120 grams of glycol and 25 grams of graphite were mixed for 10 minutes. To this mixture, 25 grams of uintaite was added and mixed for 10 minutes. To this mixture, 10 grams of talc and 10 grams of polymer beads was added and mixed at high speed until the mixture became extremely hot to the touch, about 125–140 degree F. or for about 20–45 minutes. The viscosity of the mixture thickens initially as all of the solids are added to the carrier but as the temperature increases to 110–135 degree F. the viscosity thins down. As this point 10 grams of water is added and mixed for about 10 minutes. The sample is then allowed to cool to room temperature and is now ready to be compared to the dry products.

EXAMPLE 4 Test 1: Comparison of Dry Graphite To Liquid Graphite Mixture

The addition of 2% of the graphite dispersion is equivalent to approximately 2 ppb of graphite as compared to 8 ppb of dry graphite. The 2 ppb of graphite in the liquid carrier clearly outperforms the 8 ppb of dry graphite.

The particle sizes of the graphite and uintaite should be such that 100% would pass through a 200 mesh shaker screen and at least 50% would pass through a 300 mesh shaker screen. The results of Example 4, Test 1 are set forth below in Table 8:

TABLE 8
HPHT & Cake Wt. Comparison
BASE MUD & BASE MUD &
BASE 8 ppb DRY 2% GRAPHITE
MUD GRAPHITE DISPERSION
Density 17.3 17.3 17.3
pH Meter 11.5 11.5 11.5
600 rpm 82 111 85
300 rpm 46 66 49
200 rpm 34 49 44
100 rpm 20 31 29
 6 rpm 3 5 6
 3 rpm 2 4 5
PV @ 120 F. 36 45 36
YP 10 21 13
Gels 10 s/10 m/30 m 3/6/7 5/17/22 3/7/8
HPHT @ 300 Deg. F./ 8.4 7.8 5.6
ml.
Cake Wt./g. 19 20 12.8
Cake Thickness (Inch.) 4/32 4/32 3/32

The results of Example 4, Test 1 indicate the following: the 2% graphite dispersion showed better results than the 8 ppb dry graphite. The HPHT fluid loss was reduced from 7.8 to 5.6; a 28% reduction, which is excellent. The cake in weight in grams was reduced from 20 grams to 12.8 grams, a 36% reduction, which is also excellent. The cake thickness in inches was also reduced from 4/32 to 3/32.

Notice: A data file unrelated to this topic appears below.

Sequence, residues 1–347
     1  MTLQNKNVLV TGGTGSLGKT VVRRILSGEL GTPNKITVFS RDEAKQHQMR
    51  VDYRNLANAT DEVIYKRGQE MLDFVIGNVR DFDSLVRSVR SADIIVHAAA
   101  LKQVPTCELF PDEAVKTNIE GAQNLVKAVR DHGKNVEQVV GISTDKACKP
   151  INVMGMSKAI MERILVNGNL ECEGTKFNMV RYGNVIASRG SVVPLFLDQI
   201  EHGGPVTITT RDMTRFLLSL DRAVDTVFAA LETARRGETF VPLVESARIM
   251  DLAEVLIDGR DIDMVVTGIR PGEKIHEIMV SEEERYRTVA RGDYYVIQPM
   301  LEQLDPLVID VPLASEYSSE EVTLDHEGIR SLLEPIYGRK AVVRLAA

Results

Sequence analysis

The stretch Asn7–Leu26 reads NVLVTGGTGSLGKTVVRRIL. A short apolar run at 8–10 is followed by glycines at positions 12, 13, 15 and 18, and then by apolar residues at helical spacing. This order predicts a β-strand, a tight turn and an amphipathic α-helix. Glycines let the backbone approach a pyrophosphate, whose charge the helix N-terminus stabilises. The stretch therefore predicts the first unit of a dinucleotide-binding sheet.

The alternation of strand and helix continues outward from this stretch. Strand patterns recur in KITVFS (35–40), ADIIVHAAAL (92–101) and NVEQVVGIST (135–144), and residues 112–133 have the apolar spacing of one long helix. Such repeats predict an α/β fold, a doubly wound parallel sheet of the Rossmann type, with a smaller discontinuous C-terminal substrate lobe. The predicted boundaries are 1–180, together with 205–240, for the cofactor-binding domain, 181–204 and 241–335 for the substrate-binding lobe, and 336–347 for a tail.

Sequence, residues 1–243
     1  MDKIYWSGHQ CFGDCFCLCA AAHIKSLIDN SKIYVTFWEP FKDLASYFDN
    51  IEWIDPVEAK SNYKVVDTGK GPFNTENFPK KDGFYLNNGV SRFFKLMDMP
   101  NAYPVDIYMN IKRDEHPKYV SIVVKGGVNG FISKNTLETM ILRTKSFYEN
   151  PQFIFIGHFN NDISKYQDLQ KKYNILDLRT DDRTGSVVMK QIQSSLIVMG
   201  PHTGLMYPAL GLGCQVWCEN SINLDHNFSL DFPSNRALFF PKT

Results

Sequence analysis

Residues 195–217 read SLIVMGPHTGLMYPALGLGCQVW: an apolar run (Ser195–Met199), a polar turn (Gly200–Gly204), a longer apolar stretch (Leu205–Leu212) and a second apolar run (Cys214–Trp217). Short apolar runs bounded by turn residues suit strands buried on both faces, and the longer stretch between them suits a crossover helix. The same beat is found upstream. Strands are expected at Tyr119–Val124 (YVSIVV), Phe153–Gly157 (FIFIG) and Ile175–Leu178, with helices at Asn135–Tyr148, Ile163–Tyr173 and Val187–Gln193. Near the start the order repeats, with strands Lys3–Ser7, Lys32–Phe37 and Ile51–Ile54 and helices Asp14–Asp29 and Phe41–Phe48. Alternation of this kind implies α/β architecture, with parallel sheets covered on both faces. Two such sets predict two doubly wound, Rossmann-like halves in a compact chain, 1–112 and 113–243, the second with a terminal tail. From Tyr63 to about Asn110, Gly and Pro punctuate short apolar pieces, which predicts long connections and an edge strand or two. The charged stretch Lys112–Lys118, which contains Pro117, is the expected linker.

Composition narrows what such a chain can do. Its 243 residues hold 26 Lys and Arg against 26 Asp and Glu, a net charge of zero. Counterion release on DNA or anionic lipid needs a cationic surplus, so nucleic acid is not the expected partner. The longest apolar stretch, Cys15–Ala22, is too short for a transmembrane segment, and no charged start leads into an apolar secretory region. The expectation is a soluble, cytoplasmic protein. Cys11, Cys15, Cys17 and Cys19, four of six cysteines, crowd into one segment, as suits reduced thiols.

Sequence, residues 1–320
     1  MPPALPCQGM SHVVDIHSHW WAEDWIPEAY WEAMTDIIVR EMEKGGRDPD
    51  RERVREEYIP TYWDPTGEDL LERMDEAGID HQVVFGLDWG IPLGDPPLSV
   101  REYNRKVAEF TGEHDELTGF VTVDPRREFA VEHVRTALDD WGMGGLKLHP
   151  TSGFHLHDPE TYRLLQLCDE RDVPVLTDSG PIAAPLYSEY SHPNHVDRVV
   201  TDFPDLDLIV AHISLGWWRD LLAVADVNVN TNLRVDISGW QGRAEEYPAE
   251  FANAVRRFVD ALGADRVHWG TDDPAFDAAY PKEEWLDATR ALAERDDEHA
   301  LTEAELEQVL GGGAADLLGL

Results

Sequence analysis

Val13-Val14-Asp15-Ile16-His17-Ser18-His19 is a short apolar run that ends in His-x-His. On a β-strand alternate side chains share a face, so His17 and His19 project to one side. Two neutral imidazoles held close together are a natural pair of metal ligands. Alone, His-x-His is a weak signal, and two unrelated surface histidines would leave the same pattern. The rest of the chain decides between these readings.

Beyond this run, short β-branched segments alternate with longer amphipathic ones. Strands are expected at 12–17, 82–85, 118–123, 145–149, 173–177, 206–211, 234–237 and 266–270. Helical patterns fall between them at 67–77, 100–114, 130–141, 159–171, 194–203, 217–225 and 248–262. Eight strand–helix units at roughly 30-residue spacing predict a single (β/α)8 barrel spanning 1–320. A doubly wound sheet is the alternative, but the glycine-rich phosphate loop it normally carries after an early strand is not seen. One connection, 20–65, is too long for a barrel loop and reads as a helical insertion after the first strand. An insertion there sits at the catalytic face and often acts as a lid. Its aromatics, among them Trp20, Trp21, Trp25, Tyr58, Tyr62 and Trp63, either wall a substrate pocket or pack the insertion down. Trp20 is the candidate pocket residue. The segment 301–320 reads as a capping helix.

EXAMPLE 4 Test 2: Dynamic Filtration

In Example 4, Test 2, the following dynamic filtration criteria were tested: (a) Fluid loss versus time; (b) Filter cake wt/gram; and (c) Filter cake thickness in inches. The dynamic filtration data of Example 4, Test 2 is set forth in Table 9 below:

TABLE 9
DYNAMIC FILTRATION
10 Darcy, 35 Micron Filter Media
300 Degrees F., 600 rpm @ 1000 PSI for 60 Minutes
BASE MUD & BASE
8 ppb DRY MUD & 2%
BASE GRAPHITE GRAPHITE
Time/Minutes MUD Fluid Loss/ml DISPERSION
Initial Spurt Trace 0.0 0.0
15 7.0 3.6 1.0
30 10.8 8.8 2.8
45 13.8 11.4 4.6
60 16.0 13.6 8.2
Cake Wt. (g.) 44 38 28
Cake Thickness (Inch) 8/32 7/32 5/32

The results of Example 4, Test 2, Table 9 are as follows: after 60 minutes, the dynamic fluid loss was reduced from 13.6 ml to 8.2 ml, a 40% reduction, which is an excellent result. The cake weight in grams was reduced from 38 grams to 28 grams, a 26% reduction, which is a very good result. The filter cake was reduced from 7/32 to 5/32, which is also a very good result.

EXAMPLE 4 Test 3: Lubricity Test

Table 10 below shows the test results of the lubricity of the additive as torque is applied.

TABLE 10
LUBRICITY TEST @ 60 rpms
Co-efficient of Friction of Water (0.33–0.36) = 0.33; i.e.
reading at 150 inch pounds is 33
Lubricity Meter Reading
(electrical current required to sustain 60 rpm at
applied torque)
BASE MUD & BASE MUD &